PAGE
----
Gilmore accuses Cowen of ignoring jobless
Barrage of criticism as unemployment soars
Published 04/02/2010 | 05:00
TAOISEACH Brian Cowen was accused of abandoning the jobless to look after bankers and developers as unemployment soared to a 15-year high.
Latest figures reveal 436,900 people are signing on the dole -- a third more than the same period last year.
But despite unemployment standing at 12.7pc, a level not seen since 1995 and higher than Iceland's and Greece's, Mr Cowen insisted people "recognise the country is being led in the right direction".
The swelling jobless rate presided over by him was described as a "disaster" and a "litany of despair".
The number of people drawing the dole when he took over as Taoiseach from Bertie Ahern in May 2008 stood at 202,000. It has more than doubled since then to just shy of 440,000 and, in the past year alone, 111,000 jobs have been lost.
Dole queues have jumped by 13,300 since December, with economists citing post-Christmas lay-offs and the effects of the big freeze as factors.
The seasonally adjusted increase for January was 5,800, the biggest since August. It followed a number of months in which the figure seemed to be stabilising. The year-on-year increase was 34pc, down from 46pc in December.
Mr Cowen was faced with a barrage of criticism from all quarters yesterday -- with the opposition, unions, businesses and community groups lining up to decry his handling of the economy.
"The Government has looked after banks, builders and developers," Labour leader Eamon Gilmore said. "It has looked after the better off and it has ignored, neglected and abandoned those who are out of work and need some hope."
Mr Gilmore said one-in-three men aged between 21 and 24 were on the dole, and asked how long that could be economically and socially sustained.
Fine Gael leader Enda Kenny said half a million people would be on the dole if tens of thousands of young workers had not emigrated in search of a job.
Mr Kenny said there were 60,000 mainly young people working in jobs they were overqualified for in places such as the United States, Australia and Canada.
But Mr Cowen said tough decisions were needed to ensure more jobs were created. "Our refusal to defer those necessary decisions and our effort to secure people's futures by taking the right decisions now are the means through which we can ensure jobs are created again in the future," the Taoiseach said.
Spain had a higher jobless rate and it was wrong to suggest Ireland was on the "outlier of unemployment", he added.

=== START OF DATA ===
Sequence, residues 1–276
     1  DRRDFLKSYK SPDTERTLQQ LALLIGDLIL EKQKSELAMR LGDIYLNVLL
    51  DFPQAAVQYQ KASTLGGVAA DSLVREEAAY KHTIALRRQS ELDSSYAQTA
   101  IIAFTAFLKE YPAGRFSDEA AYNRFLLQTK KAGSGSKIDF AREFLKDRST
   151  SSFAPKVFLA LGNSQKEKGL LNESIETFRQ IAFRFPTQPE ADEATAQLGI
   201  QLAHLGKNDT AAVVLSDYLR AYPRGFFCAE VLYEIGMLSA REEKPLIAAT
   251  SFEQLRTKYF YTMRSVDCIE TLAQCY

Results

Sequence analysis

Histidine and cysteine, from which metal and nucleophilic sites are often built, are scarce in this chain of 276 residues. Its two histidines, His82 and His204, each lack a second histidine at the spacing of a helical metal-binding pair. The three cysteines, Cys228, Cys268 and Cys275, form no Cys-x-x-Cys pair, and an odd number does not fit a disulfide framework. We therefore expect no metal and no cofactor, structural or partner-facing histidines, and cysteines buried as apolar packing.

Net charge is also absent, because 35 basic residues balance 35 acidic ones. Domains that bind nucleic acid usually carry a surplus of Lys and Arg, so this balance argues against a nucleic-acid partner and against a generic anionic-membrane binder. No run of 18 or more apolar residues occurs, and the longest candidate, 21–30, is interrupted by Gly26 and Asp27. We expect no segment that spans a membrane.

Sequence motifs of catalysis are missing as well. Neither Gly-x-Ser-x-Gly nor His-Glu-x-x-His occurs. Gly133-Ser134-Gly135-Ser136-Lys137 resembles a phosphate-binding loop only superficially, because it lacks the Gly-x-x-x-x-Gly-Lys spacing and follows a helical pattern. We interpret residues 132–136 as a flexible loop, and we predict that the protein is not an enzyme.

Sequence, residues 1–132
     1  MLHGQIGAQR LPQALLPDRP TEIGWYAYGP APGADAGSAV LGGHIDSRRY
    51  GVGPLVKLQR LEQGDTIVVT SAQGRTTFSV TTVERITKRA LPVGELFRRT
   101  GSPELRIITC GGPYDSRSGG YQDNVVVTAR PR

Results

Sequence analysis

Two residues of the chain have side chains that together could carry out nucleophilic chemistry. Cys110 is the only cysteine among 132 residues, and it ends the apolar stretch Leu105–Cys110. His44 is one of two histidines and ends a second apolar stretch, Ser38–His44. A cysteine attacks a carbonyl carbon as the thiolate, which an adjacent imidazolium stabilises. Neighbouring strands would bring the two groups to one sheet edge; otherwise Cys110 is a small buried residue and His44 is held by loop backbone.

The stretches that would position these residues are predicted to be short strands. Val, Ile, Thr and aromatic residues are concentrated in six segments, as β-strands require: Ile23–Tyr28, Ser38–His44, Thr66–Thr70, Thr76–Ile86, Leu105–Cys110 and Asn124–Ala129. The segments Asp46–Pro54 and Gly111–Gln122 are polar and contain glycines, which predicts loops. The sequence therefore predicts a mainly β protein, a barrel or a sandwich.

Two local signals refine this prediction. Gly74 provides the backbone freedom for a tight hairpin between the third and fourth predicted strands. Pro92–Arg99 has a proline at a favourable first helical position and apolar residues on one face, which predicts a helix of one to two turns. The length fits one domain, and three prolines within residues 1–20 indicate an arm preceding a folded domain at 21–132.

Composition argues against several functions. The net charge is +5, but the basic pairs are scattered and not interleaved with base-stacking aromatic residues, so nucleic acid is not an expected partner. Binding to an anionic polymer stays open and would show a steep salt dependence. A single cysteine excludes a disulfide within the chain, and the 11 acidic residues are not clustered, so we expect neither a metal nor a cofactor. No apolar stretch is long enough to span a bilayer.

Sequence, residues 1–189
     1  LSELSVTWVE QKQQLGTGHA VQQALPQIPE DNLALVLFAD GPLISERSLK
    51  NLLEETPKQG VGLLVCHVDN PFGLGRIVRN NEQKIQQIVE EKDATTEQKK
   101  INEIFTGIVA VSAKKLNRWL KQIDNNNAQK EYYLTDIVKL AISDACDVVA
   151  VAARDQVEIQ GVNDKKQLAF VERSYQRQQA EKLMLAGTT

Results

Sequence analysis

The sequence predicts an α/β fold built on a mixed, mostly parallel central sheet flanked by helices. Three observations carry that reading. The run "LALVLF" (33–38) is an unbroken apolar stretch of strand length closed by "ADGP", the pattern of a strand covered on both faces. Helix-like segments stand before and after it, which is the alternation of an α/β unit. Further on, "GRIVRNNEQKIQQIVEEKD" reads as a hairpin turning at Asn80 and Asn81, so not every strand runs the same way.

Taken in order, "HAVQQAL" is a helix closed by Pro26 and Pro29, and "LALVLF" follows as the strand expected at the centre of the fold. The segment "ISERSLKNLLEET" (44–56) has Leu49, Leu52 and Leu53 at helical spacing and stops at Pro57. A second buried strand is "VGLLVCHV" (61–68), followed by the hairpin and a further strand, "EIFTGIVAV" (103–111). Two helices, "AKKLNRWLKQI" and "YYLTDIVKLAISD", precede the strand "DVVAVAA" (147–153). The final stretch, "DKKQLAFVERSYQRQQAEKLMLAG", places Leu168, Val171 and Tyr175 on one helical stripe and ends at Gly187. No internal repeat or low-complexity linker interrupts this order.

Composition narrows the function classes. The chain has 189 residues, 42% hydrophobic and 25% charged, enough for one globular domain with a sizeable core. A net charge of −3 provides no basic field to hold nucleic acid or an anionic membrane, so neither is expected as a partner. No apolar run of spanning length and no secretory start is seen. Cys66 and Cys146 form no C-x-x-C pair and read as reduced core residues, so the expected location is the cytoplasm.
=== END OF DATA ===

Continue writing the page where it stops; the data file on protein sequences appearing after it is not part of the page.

The Irish Small and Medium Enterprises Association (ISME) said a jobs 'think thank' was needed to tackle the unemployment crisis, since social partnership had failed. The think tank would be made up of business and union representatives as well as the Economic and Social Research Institute, the Central Bank and Forfas.
ISME chief executive Mark Fielding said ministers were like "rabbits in a headlight" who could not address the jobs problem.
The Irish National Organisation of the Unemployed said the triple blow of the increased live register figures, the plummeting exchequer returns and climbing redundancies showed the Government lacked a coherent strategy. It said the focus needed to shift to education and job creation.
The Irish Congress of Trade Unions said the "deflationary policies" of the Government were driving the country deeper into recession.
General secretary David Begg said Ireland's jobless rate was worse than that of Iceland or Greece. "This rise should serve as a dramatic wake-up call," Mr Begg said.
"Alone among developed nations, we have no plan to save or create jobs and no economic stimulus package to boost economic activity. The latest job losses in the retail sector are confirmation you cannot cut your way out of a recession."
Ulster Bank economist Lynsey Clemenger said post-Christmas lay-offs in retail and construction, as well as the bad weather, contributed to the spike in unemployment.
The jump of 13,300 in the numbers signing on was the second highest January increase ever. Ms Clemenger called the figures "weaker than expected" and predicted the unemployment rate would peak at 13.4pc this year. The Government estimated in December's Budget that it would hit 13.2pc.